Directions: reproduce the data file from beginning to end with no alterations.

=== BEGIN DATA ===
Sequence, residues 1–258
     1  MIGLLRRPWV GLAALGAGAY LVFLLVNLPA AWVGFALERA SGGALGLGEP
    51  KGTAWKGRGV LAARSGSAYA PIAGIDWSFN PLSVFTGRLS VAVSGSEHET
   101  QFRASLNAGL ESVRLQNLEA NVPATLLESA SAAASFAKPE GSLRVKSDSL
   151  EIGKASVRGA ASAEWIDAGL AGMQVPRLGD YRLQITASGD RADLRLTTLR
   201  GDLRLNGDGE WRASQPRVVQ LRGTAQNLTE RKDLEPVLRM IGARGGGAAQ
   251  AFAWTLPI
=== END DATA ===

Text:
Sequence, residues 1–258
     1  MIGLLRRPWV GLAALGAGAY LVFLLVNLPA AWVGFALERA SGGALGLGEP
    51  KGTAWKGRGV LAARSGSAYA PIAGIDWSFN PLSVFTGRLS VAVSGSEHET
   101  QFRASLNAGL ESVRLQNLEA NVPATLLESA SAAASFAKPE GSLRVKSDSL
   151  EIGKASVRGA ASAEWIDAGL AGMQVPRLGD YRLQITASGD RADLRLTTLR
   201  GDLRLNGDGE WRASQPRVVQ LRGTAQNLTE RKDLEPVLRM IGARGGGAAQ
   251  AFAWTLPI